How can I explain my deep and abiding love for all things horror? To begin with, my parents did not censor any of my reading or viewing materials. At all. So I grew up on a steady diet of horror and suspense—fed on Friday Fright Night and Saturday Nightmares on cable, Tales from the Crypt, Garbage Pail Kids, 80s slasher flicks, Scary Stories to Tell in the Dark, Unsolved Mysteries, reruns of The Twilight Zone and Alfred Hitchcock Presents, and even Nickelodeon’s Are You Afraid of the Dark? I loved all of it—watched all of it—devoured all of it. Not to mention the surrealist music videos that filled MTV, the innovative claymation and animated shorts on Nickelodeon, and short films on premium cable stations back in the day, like this one:
As I got older, I got more highbrow—I began reading Lovecraft and Edgar Allan Poe. As soon as I could, I got my greedy little paws on Stephen King and Anne Rice novels.
But I never strayed far from my roots-- the stories we heard as kids about ghosts and ghoulies and madness in our own neighborhood.
A well-known Mexican folk tale is that of La Llorona, which means “the weeping woman,” about whom songs are sung. Kansas City’s West Side, with its large Mexican population, even has its own variation on the legend. The basic story is that a woman with children falls in love with a man who rejects her on the pretext that she has children. She drowns her children in a river in order to be with him, but he rejects her anyway. (“It’s not you, baby, it’s me.”) So she kills herself. When she arrives at the Gates of Heaven, (or Hell, depending on the version), St. Peter (or the Devil) asks her where her children are. She says she doesn’t know. So her spirit is sent back to earth to search for them. She’s used as a cautionary tale—bad children are told that if they don’t do as they are told, La Llorona will get them. You can hear her at night, weeping and calling for her children.
Obviously, in Kansas City, she drowns her children in the Missouri/Kansas river, and she haunts the West Bottoms. In the article I've linked to, you’ll notice the variation where she is cursed to have a horse’s head, which helped inspire the story I wrote this week. I first heard the story of the horse-headed woman from my cousin right around the same time that I first saw Don't be Afraid of the Dark. Scared me out of my wits, as did the tale of La Llorona. It's really amazing that I ever slept at all as a child.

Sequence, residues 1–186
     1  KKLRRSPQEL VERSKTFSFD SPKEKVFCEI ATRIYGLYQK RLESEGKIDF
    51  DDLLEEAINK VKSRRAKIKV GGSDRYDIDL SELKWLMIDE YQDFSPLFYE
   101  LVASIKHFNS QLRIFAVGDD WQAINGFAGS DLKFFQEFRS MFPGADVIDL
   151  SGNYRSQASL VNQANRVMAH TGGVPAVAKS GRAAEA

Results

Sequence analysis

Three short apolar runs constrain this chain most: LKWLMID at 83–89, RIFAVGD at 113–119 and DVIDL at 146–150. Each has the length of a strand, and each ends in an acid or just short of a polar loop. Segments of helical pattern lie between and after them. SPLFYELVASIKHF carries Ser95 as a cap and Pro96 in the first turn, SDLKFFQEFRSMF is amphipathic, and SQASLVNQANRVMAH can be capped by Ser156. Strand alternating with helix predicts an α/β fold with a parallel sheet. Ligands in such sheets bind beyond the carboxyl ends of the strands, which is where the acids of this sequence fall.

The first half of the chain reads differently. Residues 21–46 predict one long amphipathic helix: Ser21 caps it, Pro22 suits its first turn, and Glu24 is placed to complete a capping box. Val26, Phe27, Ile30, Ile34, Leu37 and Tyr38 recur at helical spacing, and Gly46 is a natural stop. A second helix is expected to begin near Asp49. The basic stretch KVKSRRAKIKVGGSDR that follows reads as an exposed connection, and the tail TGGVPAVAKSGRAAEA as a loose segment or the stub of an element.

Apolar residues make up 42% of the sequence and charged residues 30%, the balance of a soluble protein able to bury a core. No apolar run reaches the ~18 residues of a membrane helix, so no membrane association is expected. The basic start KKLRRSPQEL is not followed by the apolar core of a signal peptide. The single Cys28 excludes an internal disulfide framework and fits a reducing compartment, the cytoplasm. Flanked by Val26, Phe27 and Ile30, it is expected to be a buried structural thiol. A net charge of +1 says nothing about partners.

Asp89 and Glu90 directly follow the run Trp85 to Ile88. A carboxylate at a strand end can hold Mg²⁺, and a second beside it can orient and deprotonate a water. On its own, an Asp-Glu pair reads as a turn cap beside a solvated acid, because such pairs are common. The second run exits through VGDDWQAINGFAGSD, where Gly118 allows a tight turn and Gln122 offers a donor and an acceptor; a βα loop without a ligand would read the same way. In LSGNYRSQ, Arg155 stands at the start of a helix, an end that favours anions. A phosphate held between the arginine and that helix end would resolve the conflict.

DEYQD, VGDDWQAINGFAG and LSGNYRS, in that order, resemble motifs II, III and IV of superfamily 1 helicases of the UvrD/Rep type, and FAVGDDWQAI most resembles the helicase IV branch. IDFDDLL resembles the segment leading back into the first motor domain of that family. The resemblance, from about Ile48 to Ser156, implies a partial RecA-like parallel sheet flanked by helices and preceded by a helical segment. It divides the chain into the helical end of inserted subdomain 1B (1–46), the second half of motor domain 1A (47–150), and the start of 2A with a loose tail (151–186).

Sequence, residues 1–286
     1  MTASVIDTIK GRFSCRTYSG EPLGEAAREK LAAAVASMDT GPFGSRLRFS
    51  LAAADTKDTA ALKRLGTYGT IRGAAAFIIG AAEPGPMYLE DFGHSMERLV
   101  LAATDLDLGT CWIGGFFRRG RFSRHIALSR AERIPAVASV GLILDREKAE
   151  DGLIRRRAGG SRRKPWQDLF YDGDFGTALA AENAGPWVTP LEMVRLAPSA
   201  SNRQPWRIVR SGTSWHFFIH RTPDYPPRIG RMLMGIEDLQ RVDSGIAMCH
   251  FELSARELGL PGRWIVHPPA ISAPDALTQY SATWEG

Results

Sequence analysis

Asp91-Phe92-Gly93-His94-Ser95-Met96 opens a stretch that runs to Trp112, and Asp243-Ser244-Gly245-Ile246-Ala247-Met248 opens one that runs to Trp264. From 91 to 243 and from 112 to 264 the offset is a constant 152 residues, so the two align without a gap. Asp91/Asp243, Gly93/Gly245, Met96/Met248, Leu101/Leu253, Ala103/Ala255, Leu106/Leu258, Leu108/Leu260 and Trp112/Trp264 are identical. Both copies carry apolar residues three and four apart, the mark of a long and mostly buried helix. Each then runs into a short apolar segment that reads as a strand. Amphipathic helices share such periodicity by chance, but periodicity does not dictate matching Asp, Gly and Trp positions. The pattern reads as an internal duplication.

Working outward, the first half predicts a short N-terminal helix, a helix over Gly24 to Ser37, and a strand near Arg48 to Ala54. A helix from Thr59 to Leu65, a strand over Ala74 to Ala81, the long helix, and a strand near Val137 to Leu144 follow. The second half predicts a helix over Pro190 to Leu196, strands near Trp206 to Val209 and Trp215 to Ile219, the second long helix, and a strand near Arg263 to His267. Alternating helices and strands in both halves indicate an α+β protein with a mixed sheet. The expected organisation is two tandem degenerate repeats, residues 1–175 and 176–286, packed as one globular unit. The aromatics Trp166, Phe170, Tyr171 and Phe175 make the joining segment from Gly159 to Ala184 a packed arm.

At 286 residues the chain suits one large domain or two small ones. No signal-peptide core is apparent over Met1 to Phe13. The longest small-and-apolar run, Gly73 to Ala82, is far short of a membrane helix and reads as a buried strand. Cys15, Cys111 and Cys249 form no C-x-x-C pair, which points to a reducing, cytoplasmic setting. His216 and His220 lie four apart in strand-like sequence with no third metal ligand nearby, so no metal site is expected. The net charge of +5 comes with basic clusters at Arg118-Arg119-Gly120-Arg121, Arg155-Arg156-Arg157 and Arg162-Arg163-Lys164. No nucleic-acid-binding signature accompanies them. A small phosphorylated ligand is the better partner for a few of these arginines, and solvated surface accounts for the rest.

I conceived of the character, La Tutayegua, the Horse Lady, several years ago, a creature with the body of a woman and the head of a mare who haunts the West Bottoms. I knew I was onto something when it gave me such a terrible nightmare that Patrick actually had to wake me up because I was whimpering in my sleep.
Another superstition I grew up hearing was from my great-grandmother—she believed that Death could not come into the light, which is, of course, ridiculous. But her whole life, she slept with a night light. Related to that were all sorts of strange premonitions of death—a widowed neighbor lady began having strange disturbances at night. She thought she was being bothered by a would-be burglar, so she asked my great-grandfather to install a porch light for her. One night, she turned it on, and was terrified to see that the person on her porch was her dead husband. She died a few days later.
In a similar incident, my grandmother swore she saw a strange black shadow appear on the porch of another neighbor’s house. The next day, the neighbor woman was found dead in her house—a suicide, an overdose of sleeping pills. (I do remember when that happened—I remember the ambulance coming to take her body away. The woman’s name was Rosa.)
There was the tale of a relation of ours who believed she saw the devil in an outhouse one day. This would have been back in about 1928. The funny thing is, if you’ve ever read Stephen King’s O. Henry award-winning short story, “The Man in Black,” my relative’s description of the devil matches King’s description almost exactly. That poor woman, over the course of her life, became dangerously insane and spent her later years in the state hospital in St. Joseph—but of course, the question is, did she see the devil because she was insane, or did she go insane because she saw the devil?
For me, one of the scarier stories I heard growing up was about a house on Belleview Street, off of what is now Avenida Cesar Chavez. The house is long-gone. In its place is now the Guadalupe Center. The house that was there belonged to friends of my great-grandparents. In the house was an upstairs bedroom that was haunted by some mysterious entity. Supposedly, if you slept in one of the beds, this strange, invisible force would drag you out of bed and haul you down the stairs, into the garden and deposit you there—always in the same spot. My great-grandfather swore he saw that with his own eyes, and he was one of the most skeptical people I’ve ever known. I asked them if it had ever occurred to anyone to dig up the spot where the force or spirit was depositing them. Well, no—this was well before the days of Ghost Hunters or paranormal societies. And now we can’t—the spot has been paved over to make a basketball court.
I associate horror with summer because I watched horror films at my grandmother and great-grandmother's houses-- we never had cable when I was growing up, but they did. We spent the majority of our time at their houses in the summer. They were also the ones who told us more spooky stories than I can count.
The horror genre is one of the key reasons I am a writer today. Someone asked me recently why I’m a writer, and I gave my usual answer—that I never outgrew my love of fairy tales, of nursery rhymes and make-believe, and that’s a part of it. But fairy tales have but to hang a left and then they become horror stories—big bad wolves, ogres, witches, trolls.
Guillermo del Toro knows this. Check out the tagline for the new Don’t be Afraid of the Dark film: